Tuesday, September 27, 2016

Bicycle Packaging Idea

Cycling Weekly reports: [edited]

Bicycles in big cardboard boxes have a tendency to get dropped, bashed or crushed by delivery companies, which spurred Dutch manufacturer Vanmoof into action to find a solution. Instead of putting a picture of a bike on the box they printed a picture of a large flatscreen TV instead and saw instances of delivery damage drastically reduce.

“No matter who was doing the shipping, too many of our bikes arrived looking like they’d been through a metal-munching combine harvester. It was getting expensive for us, and bloody annoying for our customers,” creative director Bex Rad wrote on the company’s blog.

“Earlier this year our co-founder Ties had a flash of genius. Our boxes are about the same size as a (really really reaaaally massive) flatscreen television. Flatscreen televisions always arrive in perfect condition. What if we just printed a flatscreen television on the side of our boxes?

“And just like that, shipping damage to our bikes dropped by 70–80%.”

Thanks to Conrad Gempf for the link.
Image via: Twitter/@jasongay

Thursday, September 22, 2016

Variable Fonts

Adobe Typekit Blog reports: [edited]

Jointly developed by Apple, Google, Microsoft, and Adobe, a variable font is “a single font file that behaves like multiple fonts”. A single font file gaining an infinite flexibility of weight, width, and other attributes without also gaining file size.

The OpenType font file specification now includes a new technology: OpenType Font Variations, which allows type designers to interpolate a font’s entire glyph set or individual glyphs along up to 64,000 axes of variation (weight, width, etc.), and define specific positions in the design space as named instances (“Bold”, “Condensed”, etc.).

For fonts to actually show up anywhere, a rendering engine has to make typesetting and rasterisation calculations. Rendering engines are complex, and will need to be developed before Variable Fonts become viable, along with browsers and design software to support the rendering engine.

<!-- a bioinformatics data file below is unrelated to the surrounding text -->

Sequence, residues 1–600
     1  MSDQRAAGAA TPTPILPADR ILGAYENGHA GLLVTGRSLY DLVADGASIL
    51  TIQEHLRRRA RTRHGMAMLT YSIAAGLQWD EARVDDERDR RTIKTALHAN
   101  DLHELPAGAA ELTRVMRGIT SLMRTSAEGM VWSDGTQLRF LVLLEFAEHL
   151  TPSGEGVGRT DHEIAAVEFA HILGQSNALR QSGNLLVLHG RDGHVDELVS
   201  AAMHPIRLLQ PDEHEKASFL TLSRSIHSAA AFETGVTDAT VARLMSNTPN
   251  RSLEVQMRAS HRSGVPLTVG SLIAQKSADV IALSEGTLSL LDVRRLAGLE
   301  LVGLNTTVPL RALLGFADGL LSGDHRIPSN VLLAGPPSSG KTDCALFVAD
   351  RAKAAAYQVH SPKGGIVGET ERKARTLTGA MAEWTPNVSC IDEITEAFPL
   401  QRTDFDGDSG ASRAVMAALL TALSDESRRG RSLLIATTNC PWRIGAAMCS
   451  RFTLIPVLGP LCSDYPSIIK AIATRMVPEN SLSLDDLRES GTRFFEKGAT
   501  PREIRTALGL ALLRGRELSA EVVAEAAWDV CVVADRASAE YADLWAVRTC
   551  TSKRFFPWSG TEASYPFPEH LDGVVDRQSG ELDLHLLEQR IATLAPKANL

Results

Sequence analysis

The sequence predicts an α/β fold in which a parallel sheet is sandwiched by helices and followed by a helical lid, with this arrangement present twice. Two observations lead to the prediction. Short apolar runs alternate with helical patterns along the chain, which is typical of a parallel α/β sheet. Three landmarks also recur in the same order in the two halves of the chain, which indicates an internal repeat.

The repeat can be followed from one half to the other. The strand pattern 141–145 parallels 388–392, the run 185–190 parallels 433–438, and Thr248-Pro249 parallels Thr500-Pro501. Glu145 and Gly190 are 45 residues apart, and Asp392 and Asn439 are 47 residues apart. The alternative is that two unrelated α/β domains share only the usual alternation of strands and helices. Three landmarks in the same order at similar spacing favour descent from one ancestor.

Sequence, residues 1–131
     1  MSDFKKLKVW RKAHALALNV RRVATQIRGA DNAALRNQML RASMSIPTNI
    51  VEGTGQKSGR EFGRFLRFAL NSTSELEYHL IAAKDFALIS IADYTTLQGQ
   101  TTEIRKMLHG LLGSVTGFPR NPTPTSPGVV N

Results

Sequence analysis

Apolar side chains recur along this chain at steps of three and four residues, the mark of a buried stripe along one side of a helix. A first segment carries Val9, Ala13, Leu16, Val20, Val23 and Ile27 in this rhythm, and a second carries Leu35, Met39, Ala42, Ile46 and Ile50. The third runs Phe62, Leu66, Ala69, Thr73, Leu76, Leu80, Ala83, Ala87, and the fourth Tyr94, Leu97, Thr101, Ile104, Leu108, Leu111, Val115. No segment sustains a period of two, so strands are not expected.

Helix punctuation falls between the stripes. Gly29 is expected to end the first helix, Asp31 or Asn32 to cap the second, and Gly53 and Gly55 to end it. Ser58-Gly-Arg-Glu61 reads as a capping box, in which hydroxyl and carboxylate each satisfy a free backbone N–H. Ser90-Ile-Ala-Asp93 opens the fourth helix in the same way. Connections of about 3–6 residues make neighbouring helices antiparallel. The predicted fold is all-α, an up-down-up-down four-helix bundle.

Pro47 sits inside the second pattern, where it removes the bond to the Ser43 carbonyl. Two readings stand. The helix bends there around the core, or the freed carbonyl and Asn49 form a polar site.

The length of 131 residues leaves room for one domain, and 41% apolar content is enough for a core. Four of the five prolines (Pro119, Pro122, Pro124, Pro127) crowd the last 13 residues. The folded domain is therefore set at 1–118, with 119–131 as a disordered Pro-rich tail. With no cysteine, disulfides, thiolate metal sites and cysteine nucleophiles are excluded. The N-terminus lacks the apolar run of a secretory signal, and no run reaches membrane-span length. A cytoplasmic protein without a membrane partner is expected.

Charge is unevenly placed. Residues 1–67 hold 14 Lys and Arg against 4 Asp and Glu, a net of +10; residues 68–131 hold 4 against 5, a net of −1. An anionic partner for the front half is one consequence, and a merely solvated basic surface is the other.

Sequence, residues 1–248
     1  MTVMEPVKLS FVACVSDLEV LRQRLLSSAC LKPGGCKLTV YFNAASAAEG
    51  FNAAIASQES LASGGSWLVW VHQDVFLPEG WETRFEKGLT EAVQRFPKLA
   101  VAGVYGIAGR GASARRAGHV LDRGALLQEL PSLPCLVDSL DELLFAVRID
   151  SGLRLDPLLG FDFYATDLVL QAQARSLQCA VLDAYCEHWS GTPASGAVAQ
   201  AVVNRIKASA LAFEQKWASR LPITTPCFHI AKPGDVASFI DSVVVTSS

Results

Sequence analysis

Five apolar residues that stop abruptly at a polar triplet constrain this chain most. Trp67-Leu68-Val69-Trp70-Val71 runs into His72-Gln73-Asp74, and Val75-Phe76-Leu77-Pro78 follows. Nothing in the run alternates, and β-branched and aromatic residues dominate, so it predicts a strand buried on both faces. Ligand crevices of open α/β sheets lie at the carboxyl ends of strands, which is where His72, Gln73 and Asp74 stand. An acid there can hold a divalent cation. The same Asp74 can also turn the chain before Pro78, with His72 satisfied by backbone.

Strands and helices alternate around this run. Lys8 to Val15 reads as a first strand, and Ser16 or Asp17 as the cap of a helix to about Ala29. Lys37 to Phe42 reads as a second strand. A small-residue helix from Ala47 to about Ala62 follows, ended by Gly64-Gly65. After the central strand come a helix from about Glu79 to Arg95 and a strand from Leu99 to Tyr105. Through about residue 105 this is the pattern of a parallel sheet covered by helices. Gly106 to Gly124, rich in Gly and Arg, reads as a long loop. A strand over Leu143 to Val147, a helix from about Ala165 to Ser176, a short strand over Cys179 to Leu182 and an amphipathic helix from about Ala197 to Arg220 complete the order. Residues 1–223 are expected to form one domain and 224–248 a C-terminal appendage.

Tuesday, September 20, 2016

iPhone 7 Plus Camera Review

Austin Mann reports: [edited]

I’m writing from deep in the Nyungwe rain forest in southwest Rwanda. We’ve been tracking gorillas in the north, boating Lake Kivu in the west, and running through tea plantations in the south — all with the iPhone 7 Plus in hand.

Alternating between wide (28mm) and telephoto (56mm) lenses has fundamentally changed the way I see and shoot with my iPhone, including landscapes, wildlife, and people. The 2x zoom is an especially great upgrade for portraiture.

It works exactly as I hoped. It is super quick to switch between lenses, even while you are rolling video.

In terms of quality, I found the the 2x zoom lens to be equally as sharp as the iPhone wide-angle. However, I do not recommend the digital zoom beyond 2x. The quality of digital zoom degrades quickly and I find it unusable for photography (although it’s actually kind of nice as an animal spotting tool).

The 2x works in ALL modes (photo, video, time-lapse, slo-mo, and even pano).

The iPhone 7 features a completely redesigned camera system with a faster f/1.8 lens which leads to better auto focus, a better ability to freeze motion, and shallower depth-of-field. I also noticed an improvement in the the dynamic range of the sensor.

Wednesday, September 14, 2016

Budnitz Model E

Budnitz Bicycles reports: [edited]

Budnitz Model E is the lightest electric bicycle in the world (13kg). The twin-tube single-arc cantilever frame is crafted from 3AL 2.5V titanium alloy.

Geometry is tuned for exceptional lateral stability, minimising energy loss as you pedal. It flexes in just the right places to absorb the shock of gravel, curbs and rough pavement without a clunky front suspension. Also available in 4130 Cro Moly Steel.

Model E pairs a Gates Carbon Belt Drive with a Zehus Bike+ 250W electric rear hub. Motor, sensors, and 30V L-ion 160Wh battery are sealed within the high polish aluminium rear hub. The entire drivetrain is free of oil, completely protected against rain, grit and road debris and virtually maintenance free.

It provides electric assist up to 15 MPH for a range of 20-100 miles. Coast downhill or pedal backwards to return power to the hub. Use bluetooth interface to control multiple modes and power output. Integrated slope sensors offer more support on hills and a hub locking feature adds additional anti-theft security.

Price: from $3,950 to frankly exorbitant